President Trump still thinks that America should have taken Iraq's oil

"To the victor belong the spoils," President Trump proclaimed to Fox host Bill O'Reilly

Published February 7, 2017 3:24PM (EST)

 (AP Photo/Richard Drew, File)
(AP Photo/Richard Drew, File)

For the second time in less than a month, President Donald Trump has talked about how America should have taken Iraq's oil — a war crime, according to the Geneva Conventions.

"I always said take the oil," Trump told Fox News host Bill O'Reilly in the second part of an extensive interview that aired on Monday. "If you would have taken the oil, there would be no ISIS because they used that to fuel —"

O'Reilly interjected, "If you took the oil, the Iraq oil, you would have to put in U.S. troops to do that and then that would have started another round —"

Trump finished, "And you would have made a lot of money with the oil, and you would have had assets, and to the victor belong the spoils, and all of that. But forget that."

This isn't the first time that Trump talked about the possibility of seizing Iraq's oil. Last month the president delivered a speech at the CIA headquarters in Langley, Virginia, before its memorial wall and implied that "maybe we'll have another chance" to confiscate Iraq's oil.

"If we kept the oil, you probably wouldn’t have ISIS because that’s where they made their money in the first place," Trump said. "So we should have kept the oil. But, OK, maybe we’ll have another chance."

A United States decision to "take the oil" would violate international law in several ways. First, it would have breached the annex to the Hague Convention of 1907 on the laws and customs of war, which mandates that private property "cannot be confiscated" and that "pillage is formally forbidden."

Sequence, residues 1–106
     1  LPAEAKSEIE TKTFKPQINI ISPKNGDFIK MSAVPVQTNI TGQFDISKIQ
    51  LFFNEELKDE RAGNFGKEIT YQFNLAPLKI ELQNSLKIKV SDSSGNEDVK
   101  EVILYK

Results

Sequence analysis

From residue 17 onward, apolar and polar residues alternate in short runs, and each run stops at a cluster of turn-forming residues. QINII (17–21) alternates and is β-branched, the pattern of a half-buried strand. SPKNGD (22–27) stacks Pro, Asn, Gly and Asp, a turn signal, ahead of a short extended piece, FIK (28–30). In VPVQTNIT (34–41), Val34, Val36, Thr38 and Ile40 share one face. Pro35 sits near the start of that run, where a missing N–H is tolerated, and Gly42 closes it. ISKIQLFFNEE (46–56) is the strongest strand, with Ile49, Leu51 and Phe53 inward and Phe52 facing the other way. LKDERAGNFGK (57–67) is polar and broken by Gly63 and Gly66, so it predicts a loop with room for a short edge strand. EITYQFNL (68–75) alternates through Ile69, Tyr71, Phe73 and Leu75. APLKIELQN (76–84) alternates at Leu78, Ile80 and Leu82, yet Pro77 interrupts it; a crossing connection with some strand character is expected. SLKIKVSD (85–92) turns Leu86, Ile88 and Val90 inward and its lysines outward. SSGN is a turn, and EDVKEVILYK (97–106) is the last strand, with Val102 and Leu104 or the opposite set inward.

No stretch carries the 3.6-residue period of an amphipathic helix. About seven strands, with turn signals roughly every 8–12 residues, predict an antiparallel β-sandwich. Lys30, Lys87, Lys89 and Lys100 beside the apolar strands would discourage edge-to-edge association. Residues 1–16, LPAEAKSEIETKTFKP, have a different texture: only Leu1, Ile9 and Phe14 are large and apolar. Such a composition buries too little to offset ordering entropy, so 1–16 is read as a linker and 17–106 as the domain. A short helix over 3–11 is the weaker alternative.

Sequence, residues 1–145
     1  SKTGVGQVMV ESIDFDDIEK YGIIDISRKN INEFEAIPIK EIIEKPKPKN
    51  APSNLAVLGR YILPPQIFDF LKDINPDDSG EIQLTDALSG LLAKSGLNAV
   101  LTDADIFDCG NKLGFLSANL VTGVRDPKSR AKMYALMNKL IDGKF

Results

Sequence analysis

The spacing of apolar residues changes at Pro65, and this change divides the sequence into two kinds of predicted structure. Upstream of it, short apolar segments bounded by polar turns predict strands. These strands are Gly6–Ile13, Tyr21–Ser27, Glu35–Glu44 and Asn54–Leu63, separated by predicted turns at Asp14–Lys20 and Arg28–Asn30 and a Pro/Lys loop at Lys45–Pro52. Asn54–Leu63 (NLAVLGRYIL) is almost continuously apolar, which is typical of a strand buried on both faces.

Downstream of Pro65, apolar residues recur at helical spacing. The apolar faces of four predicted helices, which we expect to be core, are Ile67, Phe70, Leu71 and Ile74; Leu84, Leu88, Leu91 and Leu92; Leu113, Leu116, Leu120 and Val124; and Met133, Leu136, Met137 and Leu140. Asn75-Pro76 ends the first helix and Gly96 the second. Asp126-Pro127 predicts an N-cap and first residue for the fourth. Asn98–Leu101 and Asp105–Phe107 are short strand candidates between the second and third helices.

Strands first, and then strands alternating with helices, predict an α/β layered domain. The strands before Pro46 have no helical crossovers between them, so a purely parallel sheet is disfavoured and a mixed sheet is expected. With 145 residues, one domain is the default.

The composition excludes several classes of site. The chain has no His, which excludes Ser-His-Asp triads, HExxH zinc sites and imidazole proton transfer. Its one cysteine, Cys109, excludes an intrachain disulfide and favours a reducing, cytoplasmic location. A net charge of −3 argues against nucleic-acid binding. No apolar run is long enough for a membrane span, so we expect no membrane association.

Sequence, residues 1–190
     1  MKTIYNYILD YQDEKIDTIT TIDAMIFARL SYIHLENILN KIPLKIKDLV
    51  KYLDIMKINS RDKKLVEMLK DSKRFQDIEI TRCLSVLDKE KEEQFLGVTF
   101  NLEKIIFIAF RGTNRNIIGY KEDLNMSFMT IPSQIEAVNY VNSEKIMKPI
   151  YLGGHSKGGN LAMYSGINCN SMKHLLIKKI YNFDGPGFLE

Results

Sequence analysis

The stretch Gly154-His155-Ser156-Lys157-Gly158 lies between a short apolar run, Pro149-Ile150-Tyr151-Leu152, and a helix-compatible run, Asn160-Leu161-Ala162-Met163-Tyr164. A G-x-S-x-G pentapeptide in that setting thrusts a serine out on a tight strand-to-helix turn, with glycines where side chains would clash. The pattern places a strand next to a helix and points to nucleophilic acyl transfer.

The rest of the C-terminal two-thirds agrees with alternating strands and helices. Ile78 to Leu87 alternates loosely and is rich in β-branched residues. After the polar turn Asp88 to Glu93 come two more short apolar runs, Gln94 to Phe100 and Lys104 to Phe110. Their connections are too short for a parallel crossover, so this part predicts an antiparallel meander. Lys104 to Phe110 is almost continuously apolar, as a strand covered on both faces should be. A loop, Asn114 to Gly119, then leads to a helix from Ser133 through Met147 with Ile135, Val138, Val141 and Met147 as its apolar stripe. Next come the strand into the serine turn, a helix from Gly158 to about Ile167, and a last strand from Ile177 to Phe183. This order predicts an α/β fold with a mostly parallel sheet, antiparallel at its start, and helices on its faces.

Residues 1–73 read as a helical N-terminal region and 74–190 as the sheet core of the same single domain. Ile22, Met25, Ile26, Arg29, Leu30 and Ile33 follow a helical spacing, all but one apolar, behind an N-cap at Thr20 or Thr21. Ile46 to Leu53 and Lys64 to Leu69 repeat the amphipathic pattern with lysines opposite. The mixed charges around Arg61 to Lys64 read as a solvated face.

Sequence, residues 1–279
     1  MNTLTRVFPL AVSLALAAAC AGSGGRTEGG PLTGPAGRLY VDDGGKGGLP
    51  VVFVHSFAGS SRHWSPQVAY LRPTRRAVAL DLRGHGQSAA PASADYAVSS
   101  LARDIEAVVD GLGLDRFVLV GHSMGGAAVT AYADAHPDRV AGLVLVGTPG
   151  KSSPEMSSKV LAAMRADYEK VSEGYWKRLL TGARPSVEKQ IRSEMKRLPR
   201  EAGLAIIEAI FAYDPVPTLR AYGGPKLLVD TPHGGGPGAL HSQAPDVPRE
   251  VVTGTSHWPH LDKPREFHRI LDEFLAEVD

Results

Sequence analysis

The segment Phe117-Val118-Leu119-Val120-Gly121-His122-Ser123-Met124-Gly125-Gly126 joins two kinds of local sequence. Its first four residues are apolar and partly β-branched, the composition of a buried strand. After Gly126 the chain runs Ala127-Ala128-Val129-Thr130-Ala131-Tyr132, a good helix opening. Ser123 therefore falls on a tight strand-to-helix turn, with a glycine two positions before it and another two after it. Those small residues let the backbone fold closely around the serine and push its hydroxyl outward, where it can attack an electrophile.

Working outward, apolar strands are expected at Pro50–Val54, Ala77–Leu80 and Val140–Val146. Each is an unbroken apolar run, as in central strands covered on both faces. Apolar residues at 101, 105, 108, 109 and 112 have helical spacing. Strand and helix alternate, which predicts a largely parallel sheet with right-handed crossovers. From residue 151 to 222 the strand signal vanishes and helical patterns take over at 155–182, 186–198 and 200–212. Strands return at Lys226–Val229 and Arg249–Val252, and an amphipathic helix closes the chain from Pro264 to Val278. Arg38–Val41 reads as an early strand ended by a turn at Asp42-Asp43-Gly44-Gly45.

Similarly, the 1949 Geneva Convention relative to the protection of civilians in wartime declares that "any destruction by the Occupying Power of real or personal property belonging individually or collectively to private persons, or to the State, or to other public authorities, or to social or cooperative organizations, is prohibited, except where such destruction is rendered absolutely necessary by military operations."

Trump's suggestion may even violate a United Nations resolution from 1974 about certain types of aggression.

On Monday Fox News contributor and neoconservative pundit Charles Krauthammer told Bret Baier, "The point is that when you become president of the United States, your words — they are incredibly important. You can say one sentence and the dollar will lose its value. Pondering the oil is a war crime."

Trump has also repeatedly claimed, incorrectly, that he opposed the second Iraq War from the beginning.

By Matthew Rozsa

Matthew Rozsa is a staff writer for Salon. He holds an MA in History from Rutgers University-Newark and is ABD in his PhD program in History at Lehigh University. His work has also appeared in Mic, MSN, MSNBC, Yahoo, Quartz, The Good Men Project, The Daily Dot, Alter Net, Raw Story and elsewhere.

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